And WHY am I still in the kitchen?
December 23, 2009
It is Christmas Eve Eve, and I now remember why I don’t bake much. When I get started, I can’t stop.
You will recall last night I made two kinds of cookies, and fixed treat boxes, because I was quite certain there was someone I needed to give something to that I’d forgotten. So far, I have not remembered who that is.
Tonight, after we got off early, I came home and made an eggnog pound cake for Christmas dinner/day-after-Christmas brunch. And it smelled so good, and I’ve got the eggnog, so I’m making another one, because I can bake it up in little loaf pans and it’ll make a nice gift for a couple of friends I know I’ll see in Memphis.
Oh, and I’m going to make some sweet potato bread because I was browsing (browsing recipe sites=the wireless version of crack) and found it and it sounded SO good. I’m going to make it and let it rise tonight, punch it down and put it in loaf pans and put it in the fridge. And then I’m going to get up and take it out and let it rise the second time in the morning and bake it, so we can eat one loaf and take the other two to Memphis. Just because.
This eggnog cake? From the Simply Recipes blog, and if y’all are not subscribed there, you should be, because these people? Can flat COOK. I was in the notion for an eggnog cake, because it just sounded good, albeit I’ve never had one, and when I googled for recipes that site popped up, and I said, “Well, allRIGHTy then!” and looked no further. Because all their recipes are good. And because while I can’t cut this one, since it’s for Christmas dinner, I can certainly testify the batter is excellent. I followed the recipe slavishly, except that I used brandy ‘sted of dark rum, because I had it and I could.
Here’s the recipe:
- 1/2 cup dried currants, raisins or cranberries
- 2 Tbsp dark rum or water
- 1 cup (2 sticks) unsalted butter, room temperature
- 2 cups sugar
- 3 large eggs, room temperature
- 3 cups all-purpose flour
- 2 tsp baking powder
- 1/4 tsp salt
- 1/8 tsp freshly grated nutmeg
- 1 cup eggnog mixed with 1 tsp vanilla extract
- 1 Tbsp grated orange zest
- 3 Tbsp orange juice
- 1 Tbsp dark rum
- 3/4 cup granulated sugar
Soak currants in rum in a small bowl for 15 minutes.
Adjust rack to lower third of oven. Preheat the oven to 325°F (350°F if the pan doesn’t have a dark finish). Butter a 9 to 10 inch bundtpan (original recipe calls for a Festive Cake Pan).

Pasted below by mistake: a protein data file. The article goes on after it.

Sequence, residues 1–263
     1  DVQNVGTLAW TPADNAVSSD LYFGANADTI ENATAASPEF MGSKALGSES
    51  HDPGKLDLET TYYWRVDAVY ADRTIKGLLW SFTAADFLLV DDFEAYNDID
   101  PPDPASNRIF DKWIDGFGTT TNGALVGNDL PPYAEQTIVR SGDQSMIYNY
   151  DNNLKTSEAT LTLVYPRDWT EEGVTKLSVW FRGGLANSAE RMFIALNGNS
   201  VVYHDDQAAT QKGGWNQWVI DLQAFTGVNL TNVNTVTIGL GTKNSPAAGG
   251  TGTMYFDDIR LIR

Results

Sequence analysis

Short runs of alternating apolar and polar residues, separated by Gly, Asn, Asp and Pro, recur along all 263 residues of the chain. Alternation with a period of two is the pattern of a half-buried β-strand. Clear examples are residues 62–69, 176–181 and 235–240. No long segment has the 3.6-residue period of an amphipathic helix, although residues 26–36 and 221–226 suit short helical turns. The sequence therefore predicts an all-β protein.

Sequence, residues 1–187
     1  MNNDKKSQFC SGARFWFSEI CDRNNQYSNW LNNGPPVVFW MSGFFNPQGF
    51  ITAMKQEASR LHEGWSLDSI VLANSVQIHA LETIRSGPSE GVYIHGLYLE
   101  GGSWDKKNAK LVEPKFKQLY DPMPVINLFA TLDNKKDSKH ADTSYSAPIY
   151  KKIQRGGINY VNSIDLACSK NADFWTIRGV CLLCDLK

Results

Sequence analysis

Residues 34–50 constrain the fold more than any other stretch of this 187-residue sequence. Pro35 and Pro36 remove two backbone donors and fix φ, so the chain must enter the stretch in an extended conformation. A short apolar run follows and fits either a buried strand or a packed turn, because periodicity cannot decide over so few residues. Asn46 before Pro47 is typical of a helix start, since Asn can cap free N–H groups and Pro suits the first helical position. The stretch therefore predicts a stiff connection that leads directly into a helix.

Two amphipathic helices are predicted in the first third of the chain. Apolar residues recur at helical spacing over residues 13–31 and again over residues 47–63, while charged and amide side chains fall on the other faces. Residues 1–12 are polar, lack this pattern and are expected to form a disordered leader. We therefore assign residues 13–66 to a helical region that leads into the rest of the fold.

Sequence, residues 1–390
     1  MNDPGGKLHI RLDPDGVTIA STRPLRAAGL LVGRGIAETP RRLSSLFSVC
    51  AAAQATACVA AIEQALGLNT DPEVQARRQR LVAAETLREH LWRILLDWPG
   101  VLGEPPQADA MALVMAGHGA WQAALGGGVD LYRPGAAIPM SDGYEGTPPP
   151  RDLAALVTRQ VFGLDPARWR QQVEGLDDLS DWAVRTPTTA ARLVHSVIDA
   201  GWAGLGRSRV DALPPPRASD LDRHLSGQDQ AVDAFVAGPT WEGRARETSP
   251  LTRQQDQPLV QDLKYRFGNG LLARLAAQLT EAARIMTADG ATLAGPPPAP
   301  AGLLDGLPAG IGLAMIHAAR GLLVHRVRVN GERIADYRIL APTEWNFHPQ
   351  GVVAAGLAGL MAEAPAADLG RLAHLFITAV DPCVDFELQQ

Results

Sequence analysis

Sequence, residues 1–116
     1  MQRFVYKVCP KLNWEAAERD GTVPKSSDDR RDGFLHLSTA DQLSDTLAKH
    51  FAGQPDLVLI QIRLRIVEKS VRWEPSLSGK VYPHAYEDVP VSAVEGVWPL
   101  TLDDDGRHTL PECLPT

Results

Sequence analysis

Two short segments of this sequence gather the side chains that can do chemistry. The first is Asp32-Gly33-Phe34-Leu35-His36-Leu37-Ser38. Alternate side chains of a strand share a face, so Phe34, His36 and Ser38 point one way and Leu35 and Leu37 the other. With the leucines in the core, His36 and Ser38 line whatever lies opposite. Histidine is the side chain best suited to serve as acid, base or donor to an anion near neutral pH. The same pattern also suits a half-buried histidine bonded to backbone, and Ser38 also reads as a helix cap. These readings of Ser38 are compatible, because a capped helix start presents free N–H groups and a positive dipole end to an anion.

Using an electric mixer on medium speed, beat butter until creamy, 30-45 seconds. Add sugar and beat until light and fluffy, about 5
minutes. Scrape bowl with a rubber spatula occasionally as needed. Add eggs one at a time, beating well after each addition.
In a separate bowl, sift together flour, baking powder, salt and nutmeg.
At very low speed, add dry ingredients in 4 additions, alternating with eggnog (begin and end with dry ingredients). Scrape bowl
occasionally. Gently fold in orange zest, currants and any remaining rum.
Spoon batter into pan; spread evenly. Bake 55-65 minutes, or until cake springs back when touched lightly in the center and pulls away
from the sides of the pan. You can also use a long toothpick or thin bamboo skewer and insert into the thickest part of the cake. If it
comes out clean, it’s done.
Remove from oven and cool upright in the pan on a rack for 10 minutes.
Prepare glaze by blending together sugar, orange juice, and rum.
Invert cake onto a rack, over a sheet of waxed paper. Use a pastry brush to brush the surface of the cake with the glaze. Cool completely
The sweet potato bread is as follows:
- 1 package dry yeast
- 1/4 cup warm water
- 1 cup sweet potatoes, mashed
- 3 Tbls. melted butter
- 1 cup milk, scalded
- 1 tsp. salt
- 1/2 cup sugar
- 4 1/2 cups flour, sifted
In a large bowl, soften yeast in the lukewarm water. Blend mashed sweet potatoes with melted butter until light and fluffy. Add with milk, salt, and sugar to yeast. Beat until light.
Stir in with a wooden spoon, enough of the flour to make a soft dough. Put in a greased bowl and cover with a towel. Set in a warm place until doubled in bulk.
Shape into 3 loaves and place in greased pans (9x5x3). Let rise to the top of the pans. Bake 20 to 25 minutes in a preheated 350 degree F. oven until golden brown.
Does that not sound just astounding? I haven’t gotten started on it yet, which I guess I should do. While it’s thunderstorming outside.
Thunderstorming. On Christmas Eve Eve. Go figger. And you and y’mama ‘n ‘em have a wonderful holiday.